BOSTON (State House News Service) – A new report from an organization representing the private higher education world quantified the economic impact the sector has in Massachusetts, but the group’s president said the impacts go beyond spending at a time when Massachusetts’ competitive position is getting a closer look on Beacon Hill.

The Association of Independent Colleges and Universities of Massachusetts (AICU Mass) said its 59 independent, nonprofit college and university members have an annual economic impact of $71.1 billion, generate $2.4 billion in tax revenue for the state, and collectively support 320,800 jobs. Colleges and universities spend $35 billion on operations, alumni who live and work in the area have spending power of $28 billion, the institutions have $4.4 billion in capital spending, and the campuses spin off $3.6 billion in ancillary spending, according to the study conducted by conducted by national research firm Econsult Solutions, Inc.

“In Massachusetts, we know instinctively that our private colleges and universities are crucial for our economy, with these institutions continuously helping to define what it means to learn, work and live in the Commonwealth,” Rob McCarron, president and CEO of AICU Mass, said. “This Economic Impact Study puts that into hard numbers that quantify just how crucial. Across this state, these schools are the economic engines for their communities and their regions. Taken together, they are one of the most important anchors of our robust and vibrant knowledge-based economy.”

The eastern part of the state in particular, AICU Mass said, reflects “one of the densest concentrations of private higher education in the world.” The group’s 42 members schools in and around Boston account for $64 billion or 90 percent of the estimated economic impact and support 283,000 jobs, or 88 percent of the total.

The 11 AICU Mass schools in Western Mass. have an economic impact of $3.3 billion and support 19,400 jobs. There are eight AICU Mass schools in Central Mass. (two that also have campuses based in Boston), which have an economic impact of $3.8 billion and support 18,800 jobs.

“If you live in Boston or Cambridge or one of the small towns that host so many of our Massachusetts colleges then you know the unique intangible benefits — the vibrancy of the students, the access to the arts, to theater and music and classes. What this report shows in hard data are the very tangible impacts of dollars and jobs,” Suffolk University President Marisa Kelly, AICU Mass’ board chair, said. “The research makes clear the enormous daily contribution of private higher education to our economy in direct spending and jobs.”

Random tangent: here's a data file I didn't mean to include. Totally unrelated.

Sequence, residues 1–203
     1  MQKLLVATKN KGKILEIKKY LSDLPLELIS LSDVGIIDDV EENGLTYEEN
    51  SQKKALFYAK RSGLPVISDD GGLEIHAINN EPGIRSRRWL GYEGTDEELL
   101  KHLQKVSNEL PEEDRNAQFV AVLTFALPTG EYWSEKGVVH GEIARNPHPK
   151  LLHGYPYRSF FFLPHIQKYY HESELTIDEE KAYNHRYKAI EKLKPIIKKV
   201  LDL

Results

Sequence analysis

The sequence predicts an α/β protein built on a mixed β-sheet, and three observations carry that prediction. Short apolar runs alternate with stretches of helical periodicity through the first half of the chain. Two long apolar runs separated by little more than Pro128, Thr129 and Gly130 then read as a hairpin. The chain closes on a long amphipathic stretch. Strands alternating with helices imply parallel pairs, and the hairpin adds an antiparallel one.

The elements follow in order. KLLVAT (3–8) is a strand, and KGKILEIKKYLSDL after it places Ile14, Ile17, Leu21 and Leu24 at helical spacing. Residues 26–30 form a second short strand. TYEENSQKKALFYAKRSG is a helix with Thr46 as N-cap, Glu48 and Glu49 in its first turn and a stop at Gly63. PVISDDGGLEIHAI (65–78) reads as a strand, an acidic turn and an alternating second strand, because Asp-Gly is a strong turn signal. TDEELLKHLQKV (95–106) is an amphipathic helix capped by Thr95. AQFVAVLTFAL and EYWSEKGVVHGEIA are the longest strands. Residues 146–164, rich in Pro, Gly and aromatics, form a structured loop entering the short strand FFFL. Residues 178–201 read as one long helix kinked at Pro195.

In Gov. Maura Healey’s fiscal year 2024 budget proposal (H 1), public higher education would be in line for an increase of $371 million or 23 percent. That includes a 3 percent increase to the base funding for each higher education segment, including the University of Massachusetts system.

McCarron said AICU Mass’s report should “serve as a critical reminder of the tremendous impact of the private colleges and universities in the state, not just those detailed in the report, but those less quantifiable.”

“Our knowledge-based economy and access to talent is why companies relocate their headquarters to the Commonwealth; it’s what helps our state economy better weather recession, and is often cited as an invaluable asset in state bond ratings,” he said.

While their footprint and impacts are felt through the state, private colleges also enjoy property tax exemptions that come with being registered as nonprofits. The schools over the years have resisted attempts by some policymakers to draw more money from schools, especially those with big endowments.